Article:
The false historic designation, among other things, prevented homeowners from making their own repairs. The false Historic District designation would have allowed the city and their representatives to come on private property, dictate repairs and charge what ever fees they chose to charge.

    If the home owner refused to pay, the city would have the power to place a lien on the property and take the property, which is a lot easier than emminent domain. (See Section 170 1-7. Enforcement under the General E-Code: City of New Rochelle to read the draconian and un-American rules for historic districts)

    Real Estate offices anticipating the pending home owner exodus in 2008, and opened multiple store fronts. Even Home Depot had large product displays for historic district approved paint colors and products.

    The residents of Southern New Rochelle found out what was about to happen, banded together in 2008, and stopped the Mayor cold. The real estate store fronts went away and the historic home supplies at Home Depot did also.


    This new GreeNR program places severe restrictions and unsustainable financial burdens on everyone who lives, works or operates a business in New Rochelle. This green initiative creates a hostile environment will destroy New Rochelle as we know it.

    Are the folks in the Avalon and Trump Towers going to live in a downtown that is quickly becoming a dump? Nah! They’ll move as soon as their leases are up and cut their losses. I read the developer is selling or has sold one of the Avalon buildings so he will not be faced with an empty building when the residents move out. More blight. Feel sorry for the company that brought the building. Boy were they sold a bill of goods.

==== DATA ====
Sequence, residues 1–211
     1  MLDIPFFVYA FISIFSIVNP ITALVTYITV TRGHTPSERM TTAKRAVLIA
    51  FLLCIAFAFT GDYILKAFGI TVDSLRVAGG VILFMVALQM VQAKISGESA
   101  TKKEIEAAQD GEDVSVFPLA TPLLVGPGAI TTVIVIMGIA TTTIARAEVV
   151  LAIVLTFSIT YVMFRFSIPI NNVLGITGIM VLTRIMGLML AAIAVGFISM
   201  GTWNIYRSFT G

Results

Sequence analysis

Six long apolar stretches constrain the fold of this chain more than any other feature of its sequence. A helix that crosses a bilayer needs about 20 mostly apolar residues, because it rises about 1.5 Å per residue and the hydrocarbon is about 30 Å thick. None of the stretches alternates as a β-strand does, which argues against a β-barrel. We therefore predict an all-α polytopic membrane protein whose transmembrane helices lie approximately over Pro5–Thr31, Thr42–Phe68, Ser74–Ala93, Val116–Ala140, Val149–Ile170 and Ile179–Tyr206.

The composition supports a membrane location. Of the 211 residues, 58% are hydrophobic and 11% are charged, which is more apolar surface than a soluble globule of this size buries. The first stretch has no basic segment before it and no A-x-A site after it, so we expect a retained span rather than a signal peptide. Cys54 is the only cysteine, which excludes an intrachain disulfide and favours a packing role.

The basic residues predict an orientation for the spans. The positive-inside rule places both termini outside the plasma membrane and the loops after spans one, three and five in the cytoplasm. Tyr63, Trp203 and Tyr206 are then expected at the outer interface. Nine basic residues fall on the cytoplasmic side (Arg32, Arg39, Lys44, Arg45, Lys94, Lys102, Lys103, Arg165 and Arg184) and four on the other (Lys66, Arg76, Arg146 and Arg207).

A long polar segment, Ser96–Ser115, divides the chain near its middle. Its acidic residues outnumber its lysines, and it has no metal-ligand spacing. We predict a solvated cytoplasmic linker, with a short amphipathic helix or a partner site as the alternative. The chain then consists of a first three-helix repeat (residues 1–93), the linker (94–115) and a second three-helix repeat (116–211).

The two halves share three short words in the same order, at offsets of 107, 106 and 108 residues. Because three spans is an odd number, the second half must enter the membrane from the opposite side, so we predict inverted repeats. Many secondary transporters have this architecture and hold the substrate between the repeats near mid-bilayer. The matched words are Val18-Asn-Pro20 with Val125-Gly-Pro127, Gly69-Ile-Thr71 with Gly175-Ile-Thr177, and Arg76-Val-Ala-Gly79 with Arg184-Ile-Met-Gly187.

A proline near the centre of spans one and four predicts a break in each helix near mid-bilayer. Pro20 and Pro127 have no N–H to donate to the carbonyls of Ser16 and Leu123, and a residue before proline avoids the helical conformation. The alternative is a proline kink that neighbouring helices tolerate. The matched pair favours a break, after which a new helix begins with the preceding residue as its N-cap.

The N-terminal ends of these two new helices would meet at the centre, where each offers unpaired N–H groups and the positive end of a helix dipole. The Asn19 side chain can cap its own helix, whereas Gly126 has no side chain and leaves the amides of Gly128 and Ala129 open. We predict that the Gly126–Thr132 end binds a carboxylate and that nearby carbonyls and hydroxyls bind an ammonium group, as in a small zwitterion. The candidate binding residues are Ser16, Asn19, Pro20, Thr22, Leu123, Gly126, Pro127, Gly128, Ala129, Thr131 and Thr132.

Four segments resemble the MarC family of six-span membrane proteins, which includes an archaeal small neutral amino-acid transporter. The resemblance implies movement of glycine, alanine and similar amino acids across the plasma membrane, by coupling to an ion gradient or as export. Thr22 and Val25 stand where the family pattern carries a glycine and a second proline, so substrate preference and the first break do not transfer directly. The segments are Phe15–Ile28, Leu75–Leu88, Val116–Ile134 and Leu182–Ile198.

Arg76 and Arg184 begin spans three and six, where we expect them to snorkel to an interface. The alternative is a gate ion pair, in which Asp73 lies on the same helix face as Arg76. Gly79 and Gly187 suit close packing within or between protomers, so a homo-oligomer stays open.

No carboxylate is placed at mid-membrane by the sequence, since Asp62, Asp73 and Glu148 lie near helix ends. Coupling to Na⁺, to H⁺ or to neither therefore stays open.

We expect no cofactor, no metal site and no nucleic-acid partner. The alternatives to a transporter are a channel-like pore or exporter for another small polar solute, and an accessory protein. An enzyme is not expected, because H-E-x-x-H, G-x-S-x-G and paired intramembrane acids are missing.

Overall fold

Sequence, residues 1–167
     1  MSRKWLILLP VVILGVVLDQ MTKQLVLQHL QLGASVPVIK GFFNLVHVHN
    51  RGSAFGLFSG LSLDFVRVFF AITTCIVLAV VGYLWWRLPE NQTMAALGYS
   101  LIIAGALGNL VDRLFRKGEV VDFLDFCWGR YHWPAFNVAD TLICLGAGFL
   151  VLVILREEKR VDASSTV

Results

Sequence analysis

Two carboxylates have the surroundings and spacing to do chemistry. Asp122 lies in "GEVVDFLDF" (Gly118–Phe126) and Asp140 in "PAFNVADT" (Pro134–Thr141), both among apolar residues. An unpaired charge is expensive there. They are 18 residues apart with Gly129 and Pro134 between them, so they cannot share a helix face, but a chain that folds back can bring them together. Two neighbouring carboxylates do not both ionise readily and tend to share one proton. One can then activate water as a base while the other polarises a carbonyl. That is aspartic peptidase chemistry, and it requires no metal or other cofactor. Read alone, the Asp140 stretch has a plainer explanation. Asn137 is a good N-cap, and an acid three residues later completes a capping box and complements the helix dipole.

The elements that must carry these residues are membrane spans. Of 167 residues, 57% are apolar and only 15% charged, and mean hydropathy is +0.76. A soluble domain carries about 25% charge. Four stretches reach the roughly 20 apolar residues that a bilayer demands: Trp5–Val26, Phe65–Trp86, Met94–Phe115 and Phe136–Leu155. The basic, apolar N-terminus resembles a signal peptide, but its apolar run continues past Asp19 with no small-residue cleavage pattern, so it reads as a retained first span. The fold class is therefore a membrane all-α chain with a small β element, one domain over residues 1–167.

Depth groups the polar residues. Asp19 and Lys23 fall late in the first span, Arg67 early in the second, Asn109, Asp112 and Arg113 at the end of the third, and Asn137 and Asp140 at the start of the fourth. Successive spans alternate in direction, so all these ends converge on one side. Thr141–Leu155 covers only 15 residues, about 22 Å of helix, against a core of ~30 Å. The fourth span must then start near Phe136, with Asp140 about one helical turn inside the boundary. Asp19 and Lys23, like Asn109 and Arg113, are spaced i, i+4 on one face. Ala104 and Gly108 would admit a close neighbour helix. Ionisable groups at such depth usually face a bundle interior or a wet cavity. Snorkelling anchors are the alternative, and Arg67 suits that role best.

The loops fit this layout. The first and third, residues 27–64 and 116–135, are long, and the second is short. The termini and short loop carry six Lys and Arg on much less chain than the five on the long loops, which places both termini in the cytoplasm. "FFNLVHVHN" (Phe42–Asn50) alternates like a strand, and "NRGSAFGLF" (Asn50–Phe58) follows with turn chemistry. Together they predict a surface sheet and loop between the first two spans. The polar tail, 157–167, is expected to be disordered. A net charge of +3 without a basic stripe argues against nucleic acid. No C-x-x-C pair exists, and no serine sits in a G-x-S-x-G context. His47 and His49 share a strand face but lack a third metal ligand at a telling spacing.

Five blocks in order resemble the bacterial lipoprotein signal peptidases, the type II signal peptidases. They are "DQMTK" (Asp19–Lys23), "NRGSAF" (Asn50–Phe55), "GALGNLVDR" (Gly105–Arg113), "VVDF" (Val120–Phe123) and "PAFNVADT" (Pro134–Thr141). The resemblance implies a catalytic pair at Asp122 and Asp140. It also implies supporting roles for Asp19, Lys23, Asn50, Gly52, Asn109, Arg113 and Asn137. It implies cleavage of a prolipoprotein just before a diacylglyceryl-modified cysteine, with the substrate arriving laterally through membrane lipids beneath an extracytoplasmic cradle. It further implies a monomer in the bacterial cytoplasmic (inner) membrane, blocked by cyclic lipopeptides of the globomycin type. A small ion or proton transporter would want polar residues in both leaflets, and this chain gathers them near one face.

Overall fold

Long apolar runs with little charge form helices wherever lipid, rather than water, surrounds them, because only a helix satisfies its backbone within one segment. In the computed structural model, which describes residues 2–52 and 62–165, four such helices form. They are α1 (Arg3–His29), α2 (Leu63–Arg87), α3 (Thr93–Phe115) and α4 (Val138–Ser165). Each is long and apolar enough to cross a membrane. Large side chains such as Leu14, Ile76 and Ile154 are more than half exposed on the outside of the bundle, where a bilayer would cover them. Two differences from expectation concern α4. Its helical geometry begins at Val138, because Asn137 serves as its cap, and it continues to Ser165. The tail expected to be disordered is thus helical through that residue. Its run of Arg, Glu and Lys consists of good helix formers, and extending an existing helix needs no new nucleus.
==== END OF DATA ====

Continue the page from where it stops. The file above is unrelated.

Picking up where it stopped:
Home owners can’t just pick up and leave as easily, so they have no choice to join those who will stand firm and fight..

    Who is the New Rochelle Mayor working for? He is clearly not working for us. We pay his salary and every move he makes places our city and citizenry deeper in the ditch.

    Downtown is a disaster, blighted by a developer, who according to media reports, is in serious financial trouble and is being sued for more than he is worth.

    The overcrowded schools are failing, the taxes are through the roof, New Roc and the surrounding buildings are vacant, and garbage collection cuts loom although we pay refuse taxes.

    Isn’t New Rochelle still in America? When did we become the Kingdom of gross mismanagement for all to plunder. What has happened to New Rochelle?

    Something is rotten in New Rochelle.

    Seriously, when is the next election? The New Rochelle Mayor must go!

    The City Council must stop this “Sustained Development” plan or they will be voted out also.

    Maybe we as residents and business owners should explore all avenues to be annexed with either Pelham or Larchmont. Have you seen the Pelham and Larchmont shopping areas? Their communities are not blighted, and these smart governing bodies would have nothing to do with the developer who has a strangle hold on and is crushing this city.

    Is disbanding New Rochelle the only way to save its citizens?